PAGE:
DID YOU hear that more than four in five Singaporeans want flexible work arrangements (FWAs)? That’s from this October’s ASEAN Consumer Study, right? Look at it next to this other study from 2022, which finds that only half of workers here feel that FWAs should be the new norm. That’s quite the upwards flex for FWA support.
Exactly what sort of FWAs are we talking about here? All sorts. Flexi-time, flexi-place and flexi-load. Particular solutions for particular circumstances are what these arrangements are about afterall.
Aren’t FWAs just a pandemic thing? And the pandemic’s just a bad memory now. Yup, life is going on — as are all the other responsibilities which come with it. Briefly: Moms still have to do what they’ve gotta do (dads as well) and caregivers need to be there for their loved ones a lot of the time. FWAs can help people balance all these duties. So Minister of State for Manpower Gan Siow Huang keeps pushing for these arrangements across the workforce.
What sort of pushing? There’s her speaking with the Singapore National Employers Federation about FWA requests, for example. And there’s a group which is crafting FWA guidelines. Once these guidelines are released next year, Singapore’s workers and bosses can properly sit down with each other and find out which particular FWAs suit their needs. MOS Gan co-chairs this guidelines group.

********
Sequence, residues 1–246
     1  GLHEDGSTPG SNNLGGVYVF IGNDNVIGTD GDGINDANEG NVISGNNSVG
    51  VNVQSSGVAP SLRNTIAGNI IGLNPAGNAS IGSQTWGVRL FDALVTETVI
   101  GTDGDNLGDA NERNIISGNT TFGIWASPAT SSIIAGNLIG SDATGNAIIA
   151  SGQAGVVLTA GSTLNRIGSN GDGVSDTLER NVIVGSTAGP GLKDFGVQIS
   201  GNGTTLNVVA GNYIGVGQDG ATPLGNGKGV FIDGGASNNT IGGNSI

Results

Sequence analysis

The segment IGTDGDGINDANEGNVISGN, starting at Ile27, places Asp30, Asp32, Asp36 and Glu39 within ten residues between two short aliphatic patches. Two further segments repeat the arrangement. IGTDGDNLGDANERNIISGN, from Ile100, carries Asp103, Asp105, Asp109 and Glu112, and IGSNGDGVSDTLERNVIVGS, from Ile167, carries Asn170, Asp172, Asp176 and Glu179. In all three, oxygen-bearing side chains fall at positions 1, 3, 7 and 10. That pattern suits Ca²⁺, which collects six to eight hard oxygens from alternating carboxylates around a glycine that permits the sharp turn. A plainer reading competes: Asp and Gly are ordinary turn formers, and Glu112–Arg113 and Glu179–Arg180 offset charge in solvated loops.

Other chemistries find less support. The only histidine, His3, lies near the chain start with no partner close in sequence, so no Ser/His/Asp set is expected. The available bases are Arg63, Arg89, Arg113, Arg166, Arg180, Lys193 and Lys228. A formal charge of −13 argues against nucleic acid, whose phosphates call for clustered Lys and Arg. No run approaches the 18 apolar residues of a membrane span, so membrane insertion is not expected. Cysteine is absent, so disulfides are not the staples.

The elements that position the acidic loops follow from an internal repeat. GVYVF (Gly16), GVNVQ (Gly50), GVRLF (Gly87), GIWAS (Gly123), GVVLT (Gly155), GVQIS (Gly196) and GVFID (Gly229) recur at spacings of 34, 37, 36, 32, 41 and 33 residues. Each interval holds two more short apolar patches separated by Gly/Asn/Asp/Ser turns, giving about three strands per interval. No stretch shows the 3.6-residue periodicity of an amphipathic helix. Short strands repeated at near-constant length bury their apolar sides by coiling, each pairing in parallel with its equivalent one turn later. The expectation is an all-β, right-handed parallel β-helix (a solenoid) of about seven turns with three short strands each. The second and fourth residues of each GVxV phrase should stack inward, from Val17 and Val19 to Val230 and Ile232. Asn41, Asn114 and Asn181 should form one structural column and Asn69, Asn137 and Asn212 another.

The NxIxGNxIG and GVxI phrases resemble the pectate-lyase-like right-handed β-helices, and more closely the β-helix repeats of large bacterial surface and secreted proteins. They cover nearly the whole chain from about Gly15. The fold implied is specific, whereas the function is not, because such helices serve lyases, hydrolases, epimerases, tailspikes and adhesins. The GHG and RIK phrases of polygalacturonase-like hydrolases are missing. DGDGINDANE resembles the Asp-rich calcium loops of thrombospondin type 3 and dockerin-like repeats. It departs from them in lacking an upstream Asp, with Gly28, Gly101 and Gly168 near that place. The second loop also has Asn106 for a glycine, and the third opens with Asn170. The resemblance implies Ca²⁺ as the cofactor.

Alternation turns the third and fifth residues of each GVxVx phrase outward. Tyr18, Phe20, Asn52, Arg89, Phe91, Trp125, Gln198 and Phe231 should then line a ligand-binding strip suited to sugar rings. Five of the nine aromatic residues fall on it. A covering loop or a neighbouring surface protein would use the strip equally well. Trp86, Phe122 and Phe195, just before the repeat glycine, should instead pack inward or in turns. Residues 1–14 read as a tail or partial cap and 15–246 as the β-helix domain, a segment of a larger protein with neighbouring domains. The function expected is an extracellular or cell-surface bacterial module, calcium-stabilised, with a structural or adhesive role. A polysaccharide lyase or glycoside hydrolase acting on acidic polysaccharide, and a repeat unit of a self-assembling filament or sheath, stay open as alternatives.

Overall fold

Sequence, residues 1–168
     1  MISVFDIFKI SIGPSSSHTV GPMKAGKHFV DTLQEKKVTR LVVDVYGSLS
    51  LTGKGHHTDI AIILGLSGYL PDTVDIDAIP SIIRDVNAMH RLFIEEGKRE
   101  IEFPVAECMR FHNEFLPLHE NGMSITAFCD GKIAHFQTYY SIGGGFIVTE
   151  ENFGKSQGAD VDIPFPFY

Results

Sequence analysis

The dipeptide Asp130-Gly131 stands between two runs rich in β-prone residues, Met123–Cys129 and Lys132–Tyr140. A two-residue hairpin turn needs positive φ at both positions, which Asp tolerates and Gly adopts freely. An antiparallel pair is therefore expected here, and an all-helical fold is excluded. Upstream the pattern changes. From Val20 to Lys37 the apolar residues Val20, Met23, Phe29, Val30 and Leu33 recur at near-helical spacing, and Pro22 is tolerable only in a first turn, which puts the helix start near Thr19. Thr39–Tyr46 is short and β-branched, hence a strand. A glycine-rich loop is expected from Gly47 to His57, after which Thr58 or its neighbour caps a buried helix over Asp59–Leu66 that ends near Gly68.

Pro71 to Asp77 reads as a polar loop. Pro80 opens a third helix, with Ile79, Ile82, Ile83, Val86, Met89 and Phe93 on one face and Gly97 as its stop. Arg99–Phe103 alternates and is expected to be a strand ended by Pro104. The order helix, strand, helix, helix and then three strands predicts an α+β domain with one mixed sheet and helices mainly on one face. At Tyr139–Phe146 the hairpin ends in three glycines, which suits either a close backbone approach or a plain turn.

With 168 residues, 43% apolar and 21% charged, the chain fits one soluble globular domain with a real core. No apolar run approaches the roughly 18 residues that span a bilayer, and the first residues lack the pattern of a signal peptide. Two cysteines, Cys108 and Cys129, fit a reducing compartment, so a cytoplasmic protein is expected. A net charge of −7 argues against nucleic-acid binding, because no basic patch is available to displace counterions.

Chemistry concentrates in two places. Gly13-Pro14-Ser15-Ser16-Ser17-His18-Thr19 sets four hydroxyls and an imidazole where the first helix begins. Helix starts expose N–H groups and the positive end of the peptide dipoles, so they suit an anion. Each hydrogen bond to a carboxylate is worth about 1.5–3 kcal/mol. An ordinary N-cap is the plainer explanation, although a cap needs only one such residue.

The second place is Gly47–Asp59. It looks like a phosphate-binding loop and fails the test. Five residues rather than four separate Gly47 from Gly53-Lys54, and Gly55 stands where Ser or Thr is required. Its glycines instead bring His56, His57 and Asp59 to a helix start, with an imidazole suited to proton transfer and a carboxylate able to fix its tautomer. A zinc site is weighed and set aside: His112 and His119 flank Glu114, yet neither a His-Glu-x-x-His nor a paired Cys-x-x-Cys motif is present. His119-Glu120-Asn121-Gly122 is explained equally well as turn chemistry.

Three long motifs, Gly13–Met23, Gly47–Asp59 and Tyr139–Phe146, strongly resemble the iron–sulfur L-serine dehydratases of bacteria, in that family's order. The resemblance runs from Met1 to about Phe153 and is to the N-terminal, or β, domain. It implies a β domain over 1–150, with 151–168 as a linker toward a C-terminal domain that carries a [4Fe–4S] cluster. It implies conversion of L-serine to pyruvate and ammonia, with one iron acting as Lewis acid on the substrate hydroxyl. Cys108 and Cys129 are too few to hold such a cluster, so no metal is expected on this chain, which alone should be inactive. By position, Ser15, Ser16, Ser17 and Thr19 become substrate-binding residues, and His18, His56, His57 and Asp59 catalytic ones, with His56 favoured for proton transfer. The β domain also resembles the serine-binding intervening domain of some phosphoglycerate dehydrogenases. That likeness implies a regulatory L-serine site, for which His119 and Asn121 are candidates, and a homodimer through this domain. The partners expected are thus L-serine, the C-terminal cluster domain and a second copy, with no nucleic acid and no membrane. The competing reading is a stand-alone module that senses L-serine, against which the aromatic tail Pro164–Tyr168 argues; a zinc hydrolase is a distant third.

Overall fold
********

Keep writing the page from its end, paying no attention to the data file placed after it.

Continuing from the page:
Good that you mention bosses. I’m a boss and I’m not convinced about these FWAs. Productivity! Bottom lines! Think about it this way: FWAs means giving people the opportunity to be people, which means that they become happier and more motivated workers. Which also means less of that expensive employee churn in a competitive labour market. Like MOS Gan mentions, FWAs “can be a game-changer for employers in terms of talent attraction and retention”.
About that four in five number for FWAs, there are lots of people in Singapore who want to work but can’t… Yup. Especially seniors and people with disabilities (PwDs). But home-based work gets around mobility issues, and flexible shift timings means space for necessary breaks as well as medical appointments. So there MOS Gan was in Parliament back in March, delivering a twenty-minute speech which highlighted exactly how FWAs can include so many more of Singapore’s diverse people in the workforce.
That’s a thorough speech. What else does MOS Gan say about her cause? “We have made much progress in Flexible Work Arrangements [since 2020] and we must not lose momentum. Similar to the trend in other parts of the world, flexible work arrangements will become the norm of future workplaces. MOM will work with our Tripartite Partners to see how we can sustain Flexible Work Arrangements.”
Time, then, to see how work can *ahem* work better for us.